Dear Matt: I have over 25 years of experience in corporate America. Now I am researching opportunities in the nonprofit sector; the thought of working for an organization that is mission driven is more appealing than a company that focuses on budget, growth and market share. What should I do to find a job the nonprofit sector?
Matt says: The first thing to remember is that the same job search rules apply. You will need to network and make contacts, put together a résumé that fits for each job you apply for, and put your best foot forward when interviewing. Those strategies don't change.
"Even though it's a nonprofit organization, it's still a business -- just like corporate America," said Diane Steele, a career coach and counselor and president of Twin Cities-based Steele Recruiting (steelerecruiting.com). "The job titles may differ a bit in some cases, but by reading job descriptions you will find many similarities in the job responsibilities between corporate and nonprofit jobs."
Why do people turn to nonprofits? Steele says in her experience, it happens when people find their current position or career does not fulfill their professional or personal goals. Sometimes it comes down to lack of true meaning or purpose in a current role. Sometimes people want to make a difference or have more impact in their daily work, and that becomes more important than the need to make money or gain status.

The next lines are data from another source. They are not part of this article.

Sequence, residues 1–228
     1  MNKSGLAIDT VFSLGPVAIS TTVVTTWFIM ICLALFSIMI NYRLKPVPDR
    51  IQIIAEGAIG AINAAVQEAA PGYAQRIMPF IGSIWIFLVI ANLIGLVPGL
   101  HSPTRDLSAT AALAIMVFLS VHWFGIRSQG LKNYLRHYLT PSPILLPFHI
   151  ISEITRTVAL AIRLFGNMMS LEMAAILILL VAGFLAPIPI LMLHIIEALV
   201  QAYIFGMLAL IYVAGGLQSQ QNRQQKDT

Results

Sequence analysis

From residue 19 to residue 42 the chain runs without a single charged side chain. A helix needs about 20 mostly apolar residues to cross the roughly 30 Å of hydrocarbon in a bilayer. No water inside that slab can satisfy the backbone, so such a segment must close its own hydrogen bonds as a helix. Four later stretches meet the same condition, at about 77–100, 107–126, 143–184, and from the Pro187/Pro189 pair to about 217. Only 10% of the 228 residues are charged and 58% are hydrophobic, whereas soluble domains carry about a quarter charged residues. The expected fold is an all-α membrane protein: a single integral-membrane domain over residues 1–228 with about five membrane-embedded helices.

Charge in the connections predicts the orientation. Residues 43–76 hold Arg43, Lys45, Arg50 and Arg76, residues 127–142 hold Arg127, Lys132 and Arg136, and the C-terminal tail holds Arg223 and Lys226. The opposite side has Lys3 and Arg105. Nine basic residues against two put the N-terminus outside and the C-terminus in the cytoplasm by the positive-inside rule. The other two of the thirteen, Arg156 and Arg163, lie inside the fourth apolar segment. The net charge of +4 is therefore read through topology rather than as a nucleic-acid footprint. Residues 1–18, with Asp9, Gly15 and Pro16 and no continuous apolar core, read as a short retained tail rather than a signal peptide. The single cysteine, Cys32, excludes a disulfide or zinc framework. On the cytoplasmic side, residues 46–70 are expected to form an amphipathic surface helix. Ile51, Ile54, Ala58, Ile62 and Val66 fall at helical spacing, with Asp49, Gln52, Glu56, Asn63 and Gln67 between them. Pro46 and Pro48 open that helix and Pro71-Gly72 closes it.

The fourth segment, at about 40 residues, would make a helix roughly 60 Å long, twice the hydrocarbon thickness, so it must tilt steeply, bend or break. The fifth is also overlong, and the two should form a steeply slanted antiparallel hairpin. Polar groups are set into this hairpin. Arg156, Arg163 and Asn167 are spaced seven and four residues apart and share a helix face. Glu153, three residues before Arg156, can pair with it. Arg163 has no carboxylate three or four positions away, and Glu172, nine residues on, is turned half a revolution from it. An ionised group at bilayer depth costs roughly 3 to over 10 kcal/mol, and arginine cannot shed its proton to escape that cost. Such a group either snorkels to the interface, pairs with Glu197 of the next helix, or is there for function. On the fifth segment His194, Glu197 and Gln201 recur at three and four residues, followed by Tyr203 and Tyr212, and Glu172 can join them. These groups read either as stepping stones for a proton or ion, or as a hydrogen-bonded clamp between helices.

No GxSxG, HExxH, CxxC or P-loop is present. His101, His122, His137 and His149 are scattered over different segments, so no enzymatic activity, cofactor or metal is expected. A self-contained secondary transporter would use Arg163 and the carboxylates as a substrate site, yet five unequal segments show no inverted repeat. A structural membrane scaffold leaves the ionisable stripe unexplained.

If you are interested in a career in the nonprofit sector, Steele offers these tips:
Identify a few nonprofits you are interested in and do substantial research.
Look for full-time, part-time or volunteer opportunities within those organizations.
Seek out volunteer board opportunities.
Network with people in the nonprofit/volunteer sector through social networking and charity events.
List your nonprofit and volunteer experience on your résumé and on your LinkedIn account.
Be prepared for one possible change: nonprofits typically do not pay as much as corporate positions, with the exception of high level executive roles. But for those transitioning to nonprofits, money is not what's motivating them.
"If you find a cause or nonprofit that you can personally identify with, you can learn to live without all the bells and whistles you once had in the corporate world," said Steele. "In exchange you'll work in a career that fills your need to serve and help people -- which in many cases is priceless."
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